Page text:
In the PARADIGM-HF trial, approximately 15% of patients developed hyperkalemia in both treatment arms (ARNI and enalapril) [32]. Similar findings were observed in the RALES trial where a higher risk of mortality was observed with sK > 5.5 mmol/l [33]. Finally, in the ADHERE study, more than 60% of patients presented with kidney disease, and up to 20% developed hyperkalemia [7, 34].

The incidence of hyperkalemia is also higher in diabetic patients [31]. Redistribution of potassium from the intracellular to the extracellular compartment can induce hyperkalemia with no net total body K+ increase, as occurs in acidosis (for each 0.1 fall in pH, sK increases by approximately 0.4 mmol/l), insulin deficiency, hypertonicity, cell lysis (rhabdomyolysis), and drugs (e.g. beta blockers). The most common causal factor of chronic hyperkalemia in diabetics is the reduced tubular secretion of K+ due to the hyporeninemic hypoaldosteronism syndrome [35]. Interestingly, the new antidiabetic drugs (e.g. sodium-glucose co-transporter-2 inhibitors) may actually protect patients from hyperkalemia due to the osmotic diuresis [35].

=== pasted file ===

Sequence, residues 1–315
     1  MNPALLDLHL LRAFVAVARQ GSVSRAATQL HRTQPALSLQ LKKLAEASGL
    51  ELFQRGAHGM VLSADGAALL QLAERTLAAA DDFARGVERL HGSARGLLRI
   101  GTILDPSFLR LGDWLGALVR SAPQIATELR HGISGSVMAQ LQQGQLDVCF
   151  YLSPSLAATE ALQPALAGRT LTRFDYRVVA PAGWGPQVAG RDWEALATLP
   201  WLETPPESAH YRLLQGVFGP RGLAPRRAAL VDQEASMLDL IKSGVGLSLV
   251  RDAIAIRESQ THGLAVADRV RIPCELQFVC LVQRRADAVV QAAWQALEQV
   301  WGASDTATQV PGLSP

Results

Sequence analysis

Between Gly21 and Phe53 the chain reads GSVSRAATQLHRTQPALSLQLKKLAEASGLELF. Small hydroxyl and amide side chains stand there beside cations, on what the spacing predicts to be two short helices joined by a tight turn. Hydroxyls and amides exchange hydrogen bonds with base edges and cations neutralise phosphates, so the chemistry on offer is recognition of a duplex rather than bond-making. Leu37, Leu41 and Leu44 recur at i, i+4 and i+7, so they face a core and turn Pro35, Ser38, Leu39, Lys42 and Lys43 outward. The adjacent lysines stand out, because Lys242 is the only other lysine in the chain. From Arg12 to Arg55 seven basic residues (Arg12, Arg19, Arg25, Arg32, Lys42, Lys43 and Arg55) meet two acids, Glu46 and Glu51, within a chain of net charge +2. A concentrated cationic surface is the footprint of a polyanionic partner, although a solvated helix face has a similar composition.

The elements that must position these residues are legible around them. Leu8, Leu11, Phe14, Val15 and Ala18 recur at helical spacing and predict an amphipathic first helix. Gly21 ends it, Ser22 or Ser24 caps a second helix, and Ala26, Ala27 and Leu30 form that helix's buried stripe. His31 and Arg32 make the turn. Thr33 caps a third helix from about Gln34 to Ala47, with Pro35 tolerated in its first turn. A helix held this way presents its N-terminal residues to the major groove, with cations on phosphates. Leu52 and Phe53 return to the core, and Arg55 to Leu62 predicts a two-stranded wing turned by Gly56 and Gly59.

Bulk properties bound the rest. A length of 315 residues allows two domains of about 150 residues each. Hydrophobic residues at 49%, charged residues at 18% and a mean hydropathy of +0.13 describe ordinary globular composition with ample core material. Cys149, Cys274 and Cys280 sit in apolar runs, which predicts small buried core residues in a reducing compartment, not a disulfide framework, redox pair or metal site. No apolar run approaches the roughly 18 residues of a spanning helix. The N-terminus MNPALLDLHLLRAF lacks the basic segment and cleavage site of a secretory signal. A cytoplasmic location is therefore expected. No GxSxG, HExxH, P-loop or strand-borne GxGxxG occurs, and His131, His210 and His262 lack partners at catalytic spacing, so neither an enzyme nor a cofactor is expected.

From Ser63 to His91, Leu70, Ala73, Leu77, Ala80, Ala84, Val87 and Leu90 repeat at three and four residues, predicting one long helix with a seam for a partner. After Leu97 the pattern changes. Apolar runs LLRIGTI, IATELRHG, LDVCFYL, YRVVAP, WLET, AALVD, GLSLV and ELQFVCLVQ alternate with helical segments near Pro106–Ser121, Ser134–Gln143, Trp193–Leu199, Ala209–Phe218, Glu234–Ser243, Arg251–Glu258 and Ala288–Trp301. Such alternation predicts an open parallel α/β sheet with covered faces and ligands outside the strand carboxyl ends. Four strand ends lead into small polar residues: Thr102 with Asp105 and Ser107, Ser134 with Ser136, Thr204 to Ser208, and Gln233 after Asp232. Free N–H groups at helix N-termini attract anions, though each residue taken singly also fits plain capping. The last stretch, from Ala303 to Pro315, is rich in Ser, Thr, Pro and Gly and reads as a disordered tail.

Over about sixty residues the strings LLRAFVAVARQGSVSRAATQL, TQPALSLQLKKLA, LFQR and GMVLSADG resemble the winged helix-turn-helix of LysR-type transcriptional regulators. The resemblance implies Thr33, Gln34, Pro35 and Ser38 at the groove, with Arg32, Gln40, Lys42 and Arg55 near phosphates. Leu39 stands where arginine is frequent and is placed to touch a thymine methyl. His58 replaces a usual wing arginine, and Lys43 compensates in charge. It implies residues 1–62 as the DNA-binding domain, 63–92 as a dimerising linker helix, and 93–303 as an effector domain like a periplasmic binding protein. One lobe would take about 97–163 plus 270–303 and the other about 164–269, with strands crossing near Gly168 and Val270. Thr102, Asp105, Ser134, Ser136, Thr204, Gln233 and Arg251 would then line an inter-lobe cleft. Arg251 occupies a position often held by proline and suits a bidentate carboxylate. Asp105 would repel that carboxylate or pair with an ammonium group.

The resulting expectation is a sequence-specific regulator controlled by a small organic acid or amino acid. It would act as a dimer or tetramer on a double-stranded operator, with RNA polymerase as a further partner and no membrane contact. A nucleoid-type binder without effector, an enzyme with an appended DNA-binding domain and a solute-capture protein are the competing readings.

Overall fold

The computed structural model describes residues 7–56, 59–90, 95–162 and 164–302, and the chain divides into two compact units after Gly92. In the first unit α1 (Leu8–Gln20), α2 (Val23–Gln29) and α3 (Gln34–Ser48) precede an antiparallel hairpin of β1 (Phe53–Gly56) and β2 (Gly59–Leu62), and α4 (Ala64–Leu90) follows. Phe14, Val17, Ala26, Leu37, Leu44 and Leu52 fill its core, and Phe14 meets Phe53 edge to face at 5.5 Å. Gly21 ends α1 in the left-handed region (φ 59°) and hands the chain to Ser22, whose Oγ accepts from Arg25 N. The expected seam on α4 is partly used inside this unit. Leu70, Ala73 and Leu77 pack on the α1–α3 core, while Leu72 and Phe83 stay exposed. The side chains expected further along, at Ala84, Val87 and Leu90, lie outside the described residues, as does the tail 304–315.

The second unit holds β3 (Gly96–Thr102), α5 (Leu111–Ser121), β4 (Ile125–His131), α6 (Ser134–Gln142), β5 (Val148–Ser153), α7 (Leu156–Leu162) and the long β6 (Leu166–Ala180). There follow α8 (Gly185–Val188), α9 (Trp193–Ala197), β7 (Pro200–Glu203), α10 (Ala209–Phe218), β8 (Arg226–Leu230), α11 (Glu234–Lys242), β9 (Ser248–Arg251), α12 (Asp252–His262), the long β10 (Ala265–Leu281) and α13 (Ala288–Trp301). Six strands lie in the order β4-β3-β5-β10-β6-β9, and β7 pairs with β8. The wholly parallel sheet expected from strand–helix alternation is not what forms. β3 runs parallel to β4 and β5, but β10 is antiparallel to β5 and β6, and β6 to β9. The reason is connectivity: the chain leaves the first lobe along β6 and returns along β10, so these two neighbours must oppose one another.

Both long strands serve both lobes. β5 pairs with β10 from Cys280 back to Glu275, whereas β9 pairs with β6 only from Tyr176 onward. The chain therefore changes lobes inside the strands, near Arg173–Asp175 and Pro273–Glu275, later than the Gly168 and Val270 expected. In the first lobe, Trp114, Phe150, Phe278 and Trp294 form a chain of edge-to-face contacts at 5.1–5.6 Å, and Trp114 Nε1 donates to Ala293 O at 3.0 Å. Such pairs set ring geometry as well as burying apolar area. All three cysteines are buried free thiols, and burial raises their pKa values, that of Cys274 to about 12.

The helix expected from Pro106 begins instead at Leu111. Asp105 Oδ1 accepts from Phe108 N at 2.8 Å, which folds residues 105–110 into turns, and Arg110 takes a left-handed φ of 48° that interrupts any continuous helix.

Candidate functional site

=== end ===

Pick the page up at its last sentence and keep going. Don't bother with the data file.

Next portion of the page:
Therefore, CKD patients with HF and/or diabetes are at high risk of developing chronic hyperkalemia. In these patients, chronic hyperkalemia is often related to concomitant treatments (i.e. anti-RAAS, nonsteroidal anti-inflammatory drugs and ARNI) over and above the frequent concurrent GFR impairment.

Nutritional management in CKD patients at risk of hyperkalemia